I looked into Harold’s eyes, they were blank more concerned with his involvement having challenged the Henley in Arden car King, I looked the other side and Jacks smile was as wide as Bristol Road was long. he certainly wasn’t interested in any £100 loose chip that may have been his.
I sat as stiff as a board who should I front, to claim the 6 inch by 4, Golden Chip I knew that both would claim it, .
Fortunately for me 6 was the end of Jacks run, Plotnek was placing his pot in little blocks like Carpet Shops, in the UK high streets. even done had missed it, the ball was in my corner, what I should have done and did do failed to live up to the way I had been taught, sorry to say I put my size 7 shoe on top of it. spending the next 30 minutes shaking.
William had a smile on his face similar to Jacks had been before the end of his Run.
This informed how much he disliked his Carpet Job.
We then went on to discuss his Gambling Addiction that I had known about for many years, but he still denied. My wife and I had always felt sorry for him, for he was absolute gent,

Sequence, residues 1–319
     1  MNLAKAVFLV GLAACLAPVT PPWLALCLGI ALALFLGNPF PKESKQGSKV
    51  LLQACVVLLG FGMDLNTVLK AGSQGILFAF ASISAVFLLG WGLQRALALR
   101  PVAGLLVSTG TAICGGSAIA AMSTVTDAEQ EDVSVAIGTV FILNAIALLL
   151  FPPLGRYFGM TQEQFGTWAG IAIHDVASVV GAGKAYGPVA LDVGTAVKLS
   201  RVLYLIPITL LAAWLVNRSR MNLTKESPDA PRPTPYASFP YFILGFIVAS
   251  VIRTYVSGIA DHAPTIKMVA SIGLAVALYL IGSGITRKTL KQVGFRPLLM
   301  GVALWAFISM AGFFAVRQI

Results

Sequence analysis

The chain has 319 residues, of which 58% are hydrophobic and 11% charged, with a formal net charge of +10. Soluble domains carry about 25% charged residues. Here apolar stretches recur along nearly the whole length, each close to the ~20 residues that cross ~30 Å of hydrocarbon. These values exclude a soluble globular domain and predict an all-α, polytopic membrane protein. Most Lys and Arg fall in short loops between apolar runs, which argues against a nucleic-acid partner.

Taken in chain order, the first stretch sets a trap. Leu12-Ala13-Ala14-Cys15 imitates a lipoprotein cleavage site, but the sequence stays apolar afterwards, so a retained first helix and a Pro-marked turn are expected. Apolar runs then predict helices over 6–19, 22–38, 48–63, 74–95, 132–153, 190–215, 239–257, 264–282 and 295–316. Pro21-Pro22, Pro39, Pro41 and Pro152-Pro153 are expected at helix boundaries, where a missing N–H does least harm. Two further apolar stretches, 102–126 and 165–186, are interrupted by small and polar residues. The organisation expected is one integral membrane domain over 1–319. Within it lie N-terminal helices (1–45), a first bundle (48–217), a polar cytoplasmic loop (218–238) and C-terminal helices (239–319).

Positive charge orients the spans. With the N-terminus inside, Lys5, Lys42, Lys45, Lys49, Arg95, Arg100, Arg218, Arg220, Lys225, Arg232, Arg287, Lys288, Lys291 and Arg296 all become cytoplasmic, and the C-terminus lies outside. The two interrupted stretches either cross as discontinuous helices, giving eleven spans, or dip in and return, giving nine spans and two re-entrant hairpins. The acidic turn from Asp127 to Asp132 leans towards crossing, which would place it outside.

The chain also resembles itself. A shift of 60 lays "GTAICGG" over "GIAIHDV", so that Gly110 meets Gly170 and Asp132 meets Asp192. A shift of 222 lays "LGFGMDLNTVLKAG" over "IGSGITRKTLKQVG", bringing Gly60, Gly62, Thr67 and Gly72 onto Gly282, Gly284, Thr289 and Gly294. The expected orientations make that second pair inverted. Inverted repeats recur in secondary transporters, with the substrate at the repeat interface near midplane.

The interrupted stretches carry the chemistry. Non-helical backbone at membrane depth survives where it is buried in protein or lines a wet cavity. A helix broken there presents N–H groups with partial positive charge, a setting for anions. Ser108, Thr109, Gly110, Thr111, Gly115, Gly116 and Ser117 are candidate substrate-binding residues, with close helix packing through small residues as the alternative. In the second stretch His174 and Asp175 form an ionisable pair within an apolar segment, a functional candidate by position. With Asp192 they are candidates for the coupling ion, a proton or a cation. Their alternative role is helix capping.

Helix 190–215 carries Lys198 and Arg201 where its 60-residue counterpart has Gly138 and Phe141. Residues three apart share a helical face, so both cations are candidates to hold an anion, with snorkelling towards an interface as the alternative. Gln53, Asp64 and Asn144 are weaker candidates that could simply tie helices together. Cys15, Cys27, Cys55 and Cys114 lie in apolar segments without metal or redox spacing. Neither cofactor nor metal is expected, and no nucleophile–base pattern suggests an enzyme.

“Yes you asked me how I could get you off your addiction”
“And what did I tell you to do”.?
“To Waite until the wheel was spinning and then having picked up the salad bowl from the restaurant. empty it on the wheel and duck.
“Why did you say Duck.?”
“Well you didn’t want to ruin your suit did you.
“What happened i’ve forgotten after all these years.”.
“The manager just grunted had 3 people clean up and carried on playing and never mentioned anything to me”
It was my turn to laugh I almost swallowed my bottom part denture. having now realised actually how much he must have lost per year. for the manager to ignore such a incident.
“Yes I also remember teaching you to card count, don’t tell me you still donate money on a regular basis.”
“Card counting was just a boring thing, to do, Who was it who taught you. “?